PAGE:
At this point, I'd advise you to go to this myspace page for Ryan and listen to some of his music, particularly the fifth tune down, Take it easy, Mama http://www.myspace.com/ryanbinghamThere was a time I would have not only heard of but would have met (and probably have the cell phone number and email of) Ryan. At the very least, I would have already seen him playing live on several occasions and quite possibly would have already had the opportunity to perform or jam with him. He runs with a crowd I know well, the troubadours of Texas who sing the song of it's people, places, loves, losses and lives. Joe Ely. Terry Allen. Butch Hancock. Robert Earl Keen. Guy Clark. Even a wacky olden days rock star named David Bourne, who likes to hang out with real people like the musicians mentioned above. Well, I know a couple of those guys pretty well.
I fell into knowing that bunch of folks strictly by accident. I was in a band in the early 90's, and we had recorded some studio tracks to both a DAT master as well as to an 8 track master tape. The DAT belonged to me, and just sounded wonderous. It was made at the board at the time of recording by the recording engineer, the late Phil Davis of Shadow Productions of Houston, Texas. Basically a raw mix from a live, multi-track recording that went via individual mics for vocals and instruments to an 8 track tape.
I was going to Austin a lot back then, both playing music and hanging with friends ***and of course lots of Hill Country fly fishing***, and one band I sat in with one night when their drummer was severely ill was called Johnny Law. They had a regular weekly gig at the now burned down Black Cat Lounge on 6th street and often played at all the good clubs in town. I became fast friends with their lead guitarist Brady, and through him met everyone that was working in original bands in Austin, and a few big name (to me at least) folks.
Whenever I would come to Austin, I would head over to Brady's apartment or hunt him up if it was at night and they were gigging. Despite having no cell phones, no email, no twitter in those days, I did remarkably well. Brady convinced me to take my DAT master to a place on 5th street in Austin for mastering and eq'ing, a place called LUBBOCK OR LEAVE IT (LOLI), owned by one of the Flatlanders, Butch Hancock.
Butch is not only a gifted guitarist/singer/songwriter, he is also an accomplished artist, and LOLI was his performance venue, art gallery for his and his friends West Texas artworks and recording studio. One thing the recording studio did was master and equalize DAT recordings of bands and make mass cassettes for selling at gigs. The band I was in at that time wanted and needed to have something to sell at our shows, which often packed local Houston venues like Rudyard's, where we regularly performed.
So it just so happened that a seminar was being held a week or so after Brady convinced me to master our tapes at Lubbock or leave it, and I was able to get work to send me to that seminar. Although I had attended that particular boot camp type seminar in the first year of my legal career, I decided to attend it again to have the opportunity to spend my evenings mastering the DAT at Butch Hancock's place.
And so I did, and so I met Butch and the Allen family and many of the folks that would pass through there in a week's time. Nearly every night that June at Lubbock or Leave It resulted in some sort of jam session that went on and on, attracting musicians, their friends and fans, and various artists.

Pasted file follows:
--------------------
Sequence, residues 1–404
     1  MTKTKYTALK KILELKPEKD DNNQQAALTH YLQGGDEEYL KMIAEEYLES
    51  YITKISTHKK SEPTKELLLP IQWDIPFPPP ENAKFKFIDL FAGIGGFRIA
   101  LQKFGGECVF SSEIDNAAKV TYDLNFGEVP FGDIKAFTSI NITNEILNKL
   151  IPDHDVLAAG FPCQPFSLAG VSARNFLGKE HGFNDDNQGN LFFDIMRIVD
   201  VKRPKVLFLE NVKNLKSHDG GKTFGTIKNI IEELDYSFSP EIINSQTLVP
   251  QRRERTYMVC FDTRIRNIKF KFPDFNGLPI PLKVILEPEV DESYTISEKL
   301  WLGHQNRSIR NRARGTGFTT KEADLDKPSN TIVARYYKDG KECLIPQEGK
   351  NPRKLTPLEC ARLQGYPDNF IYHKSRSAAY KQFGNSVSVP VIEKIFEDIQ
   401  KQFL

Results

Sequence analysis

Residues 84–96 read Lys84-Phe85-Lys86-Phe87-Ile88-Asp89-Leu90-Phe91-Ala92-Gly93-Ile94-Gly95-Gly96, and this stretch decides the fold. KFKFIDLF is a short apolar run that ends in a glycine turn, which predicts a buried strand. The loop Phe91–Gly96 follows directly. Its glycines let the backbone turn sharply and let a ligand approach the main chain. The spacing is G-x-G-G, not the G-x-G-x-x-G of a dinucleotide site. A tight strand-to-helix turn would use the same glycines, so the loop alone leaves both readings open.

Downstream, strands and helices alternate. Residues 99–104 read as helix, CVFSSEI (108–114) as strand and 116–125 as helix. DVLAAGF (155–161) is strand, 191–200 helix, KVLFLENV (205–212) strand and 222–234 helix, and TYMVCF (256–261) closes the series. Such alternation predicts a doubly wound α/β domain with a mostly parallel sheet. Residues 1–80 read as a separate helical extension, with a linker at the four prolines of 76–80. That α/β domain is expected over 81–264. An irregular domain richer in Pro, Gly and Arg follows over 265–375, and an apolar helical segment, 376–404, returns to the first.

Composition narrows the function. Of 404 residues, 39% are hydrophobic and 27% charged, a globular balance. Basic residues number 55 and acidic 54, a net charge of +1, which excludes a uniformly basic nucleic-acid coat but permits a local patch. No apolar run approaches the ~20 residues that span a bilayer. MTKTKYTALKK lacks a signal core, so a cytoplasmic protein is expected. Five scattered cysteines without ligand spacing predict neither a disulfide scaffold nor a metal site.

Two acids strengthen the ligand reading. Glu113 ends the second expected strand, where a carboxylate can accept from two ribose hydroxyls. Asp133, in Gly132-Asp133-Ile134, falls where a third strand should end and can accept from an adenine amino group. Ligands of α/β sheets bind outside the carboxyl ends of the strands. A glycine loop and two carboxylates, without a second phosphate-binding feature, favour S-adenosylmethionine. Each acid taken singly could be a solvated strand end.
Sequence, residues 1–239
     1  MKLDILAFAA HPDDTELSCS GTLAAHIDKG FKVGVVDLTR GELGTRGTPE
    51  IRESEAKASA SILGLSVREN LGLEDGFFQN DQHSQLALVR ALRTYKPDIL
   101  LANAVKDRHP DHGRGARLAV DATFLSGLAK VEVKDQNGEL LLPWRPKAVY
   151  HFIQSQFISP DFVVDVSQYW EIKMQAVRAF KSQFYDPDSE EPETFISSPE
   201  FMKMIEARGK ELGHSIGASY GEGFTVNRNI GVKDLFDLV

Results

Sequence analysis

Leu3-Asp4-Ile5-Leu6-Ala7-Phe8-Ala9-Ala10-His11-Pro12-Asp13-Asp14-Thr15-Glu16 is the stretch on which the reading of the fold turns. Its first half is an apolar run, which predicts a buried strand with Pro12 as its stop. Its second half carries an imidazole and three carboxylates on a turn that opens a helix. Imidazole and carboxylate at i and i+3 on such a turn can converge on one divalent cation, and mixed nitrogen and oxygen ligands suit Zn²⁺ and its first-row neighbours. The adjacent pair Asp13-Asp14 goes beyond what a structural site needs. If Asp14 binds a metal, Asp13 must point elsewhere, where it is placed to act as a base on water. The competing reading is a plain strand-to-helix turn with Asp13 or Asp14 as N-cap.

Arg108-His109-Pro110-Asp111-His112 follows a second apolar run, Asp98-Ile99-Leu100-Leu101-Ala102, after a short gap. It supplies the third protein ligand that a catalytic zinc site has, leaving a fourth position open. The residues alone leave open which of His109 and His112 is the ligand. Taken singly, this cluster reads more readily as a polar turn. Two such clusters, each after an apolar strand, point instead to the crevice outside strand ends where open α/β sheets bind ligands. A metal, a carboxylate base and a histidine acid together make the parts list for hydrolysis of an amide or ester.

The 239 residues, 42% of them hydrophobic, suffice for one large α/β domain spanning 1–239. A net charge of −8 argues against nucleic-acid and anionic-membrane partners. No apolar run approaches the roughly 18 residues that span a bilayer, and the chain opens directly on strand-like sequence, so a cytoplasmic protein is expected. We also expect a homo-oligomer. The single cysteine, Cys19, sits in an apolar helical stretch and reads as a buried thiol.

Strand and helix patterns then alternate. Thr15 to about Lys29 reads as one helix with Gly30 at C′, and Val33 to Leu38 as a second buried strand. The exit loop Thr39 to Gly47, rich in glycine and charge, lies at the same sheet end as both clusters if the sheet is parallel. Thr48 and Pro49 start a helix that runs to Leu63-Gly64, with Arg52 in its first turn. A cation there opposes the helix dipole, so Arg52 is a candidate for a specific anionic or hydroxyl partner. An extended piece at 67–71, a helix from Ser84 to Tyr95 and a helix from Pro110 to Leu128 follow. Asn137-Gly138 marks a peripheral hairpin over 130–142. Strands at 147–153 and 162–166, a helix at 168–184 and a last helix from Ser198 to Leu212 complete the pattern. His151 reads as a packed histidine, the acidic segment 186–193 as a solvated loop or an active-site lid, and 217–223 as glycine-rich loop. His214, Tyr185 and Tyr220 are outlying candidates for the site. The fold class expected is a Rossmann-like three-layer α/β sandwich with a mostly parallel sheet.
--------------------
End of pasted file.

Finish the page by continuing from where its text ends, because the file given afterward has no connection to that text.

It was a fun week, and certainly one of the best legal seminars I ever attended. We ended up with a great cassette tape of our band, and forever more when I go to Austin there is almost always someone from those days that I know that I run into at one of the usual musical haunts in Austin.
So anyway, taking the long way home here, this guy Ryan Bingham is the real thing. Not only has he lived the life, walked the walk and talked the talk, he's quite talented on guitar and in his singing and sings great stories about taking the road less traveled.
He reminds me there is a real world, of the Texas I used to live in before I pursued my various establishmentarian crafts, beyond courtrooms and politics, beyond the myriad of things lately that just "taint right". Who the hell knows, maybe I'm the one that's all skewed here. But I don't think so.
You can read some interesting stuff and a review of his new album at these links:
Discusses Ryan's hard-scrabble upbringing and life.
Some anecdotes about places he's lived and hung out in Texas
A review of his sophomore album, produced by a Black Crowe. I've heard it rocks.
Discusses Ryan's part in the soon-to-be -released movie CRAZY HEART, where Ryan not only performs with his band but also has some bit acting parts.
I already know I'm heading to some store tonight where I can buy this new CD, and hopefully his previous ones, even though it'd be easier to buy it online and download it. Maybe they'll lead me through this dilemma with some word of wisdom or musical answer, as the works of some of his friends like Ely and Hancock have done for me in the past. Perhaps there is some truism that can explain why the blue pill world doesn't seem to work right sometimes in one of those songs.
So I would've known long ago who Ryan was if I was still as active in Texas musicianing as I was even just a few years ago. I'd have already heard him playing in some bar in Marfa or Alpine or Austin. But then, if I had heard of him previously, it wouldn't be helping through this right now.
And Lord knows, I need something to calm my mind. Sometimes, my mind has a mind of it's own. I guess my biggest dilemma is actually one of the eternal and infernal questions that at times bothers all of us in this business...what part of "To Protect and To Serve" don't you understand?